TORONTO, Sept. 20 /CNW/ - Canada has made slow but steady progress in
improving its tax system, yet the effective tax rate on new business
investment remains 11th highest in the world, according to the C.D. Howe
Institute's 2007 Tax Competitiveness Report: A Call for Comprehensive Tax
Written by Jack Mintz, Professor of Business Economics, Joseph L. Rotman
School of Business, University of Toronto, and Fellow-in-Residence, C.D. Howe
Institute, the report ranks 80 developed and developing countries according to
their effective tax rates on capital for new business investment. As part of
bold reforms, Mintz suggests that all businesses should be taxed at a common
rate, equivalent to the small business rate - roughly 20 percent. Reductions
in the current corporate rate could increase corporate tax revenues for
government, as Canadian and foreign multinationals shifted fewer costs into
Canada and fewer profits out.
The complementary part of a reform program would shift taxes toward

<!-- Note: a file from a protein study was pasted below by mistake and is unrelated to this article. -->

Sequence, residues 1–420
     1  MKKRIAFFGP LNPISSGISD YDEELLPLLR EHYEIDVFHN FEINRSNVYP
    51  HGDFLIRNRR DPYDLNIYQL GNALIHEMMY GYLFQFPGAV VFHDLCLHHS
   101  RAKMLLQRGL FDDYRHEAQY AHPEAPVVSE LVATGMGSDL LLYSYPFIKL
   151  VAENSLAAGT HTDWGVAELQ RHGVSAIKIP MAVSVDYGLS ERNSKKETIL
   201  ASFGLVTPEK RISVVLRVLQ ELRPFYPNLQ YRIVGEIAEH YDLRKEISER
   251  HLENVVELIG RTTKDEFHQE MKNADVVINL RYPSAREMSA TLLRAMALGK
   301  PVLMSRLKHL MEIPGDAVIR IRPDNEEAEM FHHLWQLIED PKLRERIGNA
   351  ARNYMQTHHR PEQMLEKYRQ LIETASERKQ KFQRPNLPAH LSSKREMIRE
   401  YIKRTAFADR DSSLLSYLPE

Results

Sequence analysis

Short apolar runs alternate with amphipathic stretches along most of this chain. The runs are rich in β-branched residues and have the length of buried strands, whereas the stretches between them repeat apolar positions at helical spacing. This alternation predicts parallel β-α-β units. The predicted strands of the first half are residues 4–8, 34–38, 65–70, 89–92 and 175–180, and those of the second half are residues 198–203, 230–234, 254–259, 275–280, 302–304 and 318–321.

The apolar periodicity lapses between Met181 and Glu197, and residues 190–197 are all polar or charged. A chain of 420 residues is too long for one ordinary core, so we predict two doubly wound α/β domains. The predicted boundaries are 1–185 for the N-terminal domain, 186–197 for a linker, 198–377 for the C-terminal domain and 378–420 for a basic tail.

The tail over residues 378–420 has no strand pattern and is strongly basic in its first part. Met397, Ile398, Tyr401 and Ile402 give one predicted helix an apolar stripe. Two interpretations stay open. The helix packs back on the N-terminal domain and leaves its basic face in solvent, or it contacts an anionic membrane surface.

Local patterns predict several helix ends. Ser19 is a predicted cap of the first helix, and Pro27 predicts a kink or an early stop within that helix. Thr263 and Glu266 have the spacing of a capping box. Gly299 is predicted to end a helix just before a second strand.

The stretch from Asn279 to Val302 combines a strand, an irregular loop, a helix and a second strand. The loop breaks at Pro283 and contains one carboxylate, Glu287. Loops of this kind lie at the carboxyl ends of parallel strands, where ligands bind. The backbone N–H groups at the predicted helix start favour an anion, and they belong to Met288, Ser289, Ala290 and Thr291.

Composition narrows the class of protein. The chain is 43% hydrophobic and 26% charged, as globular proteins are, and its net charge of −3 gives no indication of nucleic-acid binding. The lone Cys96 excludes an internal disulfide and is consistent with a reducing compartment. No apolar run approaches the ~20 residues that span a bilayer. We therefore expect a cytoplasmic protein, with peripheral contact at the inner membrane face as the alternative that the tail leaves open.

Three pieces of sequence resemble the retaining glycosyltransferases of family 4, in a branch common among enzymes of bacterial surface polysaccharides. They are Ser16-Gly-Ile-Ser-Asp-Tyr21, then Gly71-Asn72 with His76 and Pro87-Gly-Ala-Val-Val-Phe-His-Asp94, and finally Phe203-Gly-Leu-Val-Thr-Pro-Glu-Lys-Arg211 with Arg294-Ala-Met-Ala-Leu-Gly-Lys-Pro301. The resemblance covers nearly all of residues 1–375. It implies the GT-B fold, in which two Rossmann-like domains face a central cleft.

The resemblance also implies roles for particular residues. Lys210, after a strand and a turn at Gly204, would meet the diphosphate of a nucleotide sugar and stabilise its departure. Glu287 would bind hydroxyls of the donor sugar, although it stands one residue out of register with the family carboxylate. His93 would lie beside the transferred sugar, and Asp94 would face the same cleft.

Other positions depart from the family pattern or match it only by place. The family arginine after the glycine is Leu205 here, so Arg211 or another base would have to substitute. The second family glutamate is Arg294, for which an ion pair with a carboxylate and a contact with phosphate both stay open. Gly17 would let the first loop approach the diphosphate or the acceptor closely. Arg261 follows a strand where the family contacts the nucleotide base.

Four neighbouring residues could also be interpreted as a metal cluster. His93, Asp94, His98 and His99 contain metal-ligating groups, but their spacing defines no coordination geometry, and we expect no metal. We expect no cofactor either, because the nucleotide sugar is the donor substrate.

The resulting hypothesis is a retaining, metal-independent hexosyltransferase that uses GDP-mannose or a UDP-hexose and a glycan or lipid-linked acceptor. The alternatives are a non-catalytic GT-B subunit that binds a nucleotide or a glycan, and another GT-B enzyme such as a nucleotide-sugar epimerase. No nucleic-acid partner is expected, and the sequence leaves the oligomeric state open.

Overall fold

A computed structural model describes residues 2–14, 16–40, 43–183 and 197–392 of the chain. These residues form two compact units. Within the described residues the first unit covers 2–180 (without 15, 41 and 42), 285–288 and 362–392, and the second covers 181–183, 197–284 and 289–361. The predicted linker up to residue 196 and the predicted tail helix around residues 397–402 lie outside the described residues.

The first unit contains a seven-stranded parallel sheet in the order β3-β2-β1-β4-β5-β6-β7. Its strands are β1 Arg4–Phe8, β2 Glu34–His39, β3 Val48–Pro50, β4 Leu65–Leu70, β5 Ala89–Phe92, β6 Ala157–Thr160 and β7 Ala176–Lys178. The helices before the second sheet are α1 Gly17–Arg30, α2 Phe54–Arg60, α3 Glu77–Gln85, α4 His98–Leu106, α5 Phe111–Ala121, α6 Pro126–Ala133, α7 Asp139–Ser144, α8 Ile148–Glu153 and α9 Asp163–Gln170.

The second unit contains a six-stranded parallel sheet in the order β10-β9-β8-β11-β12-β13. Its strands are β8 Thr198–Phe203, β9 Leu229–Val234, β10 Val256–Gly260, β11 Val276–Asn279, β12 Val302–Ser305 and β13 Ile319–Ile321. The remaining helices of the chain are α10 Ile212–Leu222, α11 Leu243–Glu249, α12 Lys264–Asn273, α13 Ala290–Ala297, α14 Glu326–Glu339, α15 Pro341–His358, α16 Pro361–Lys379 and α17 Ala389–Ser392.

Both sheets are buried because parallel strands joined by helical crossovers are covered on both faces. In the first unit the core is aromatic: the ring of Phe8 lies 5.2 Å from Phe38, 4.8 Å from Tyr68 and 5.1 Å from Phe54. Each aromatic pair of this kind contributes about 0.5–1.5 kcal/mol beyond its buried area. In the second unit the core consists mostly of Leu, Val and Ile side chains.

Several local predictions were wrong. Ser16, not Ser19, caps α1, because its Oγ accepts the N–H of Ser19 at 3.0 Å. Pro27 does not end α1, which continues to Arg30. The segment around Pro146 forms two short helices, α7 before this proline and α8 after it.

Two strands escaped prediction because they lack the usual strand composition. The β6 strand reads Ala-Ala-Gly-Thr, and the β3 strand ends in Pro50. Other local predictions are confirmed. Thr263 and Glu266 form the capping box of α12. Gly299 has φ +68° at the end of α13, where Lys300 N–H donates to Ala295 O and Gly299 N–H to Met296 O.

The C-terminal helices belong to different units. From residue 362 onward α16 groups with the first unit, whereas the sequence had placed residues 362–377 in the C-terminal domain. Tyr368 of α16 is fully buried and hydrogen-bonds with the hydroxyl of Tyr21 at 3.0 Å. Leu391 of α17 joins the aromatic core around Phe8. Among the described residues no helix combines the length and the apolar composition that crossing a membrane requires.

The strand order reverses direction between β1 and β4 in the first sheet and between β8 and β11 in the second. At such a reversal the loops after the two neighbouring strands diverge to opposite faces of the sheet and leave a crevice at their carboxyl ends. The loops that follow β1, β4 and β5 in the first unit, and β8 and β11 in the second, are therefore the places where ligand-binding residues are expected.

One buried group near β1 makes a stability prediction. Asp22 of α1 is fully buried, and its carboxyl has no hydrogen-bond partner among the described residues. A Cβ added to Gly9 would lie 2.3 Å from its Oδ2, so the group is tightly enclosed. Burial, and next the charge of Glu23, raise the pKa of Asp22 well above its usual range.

consumption. Broadening the existing federal-provincial fuel excise tax base,
to include other energy sources, would deliver a low-rate, broad-based,
consumption-based environmental tax that put a price on environmental damage.
The 2007 Tax Competitiveness Report: A Call for Comprehensive Tax Reform
is available at http://www.cdhowe.org/pdf/commentary_254.pdf.
For further information:
For further information: Jack Mintz, Professor of Business Economics,
Joseph L. Rotman School of Business, University of Toronto, and
Fellow-in-Residence, C.D. Howe Institute, (416) 978-2451; Finn Poschmann,
Director of Research, C.D. Howe Institute, (416) 865-1904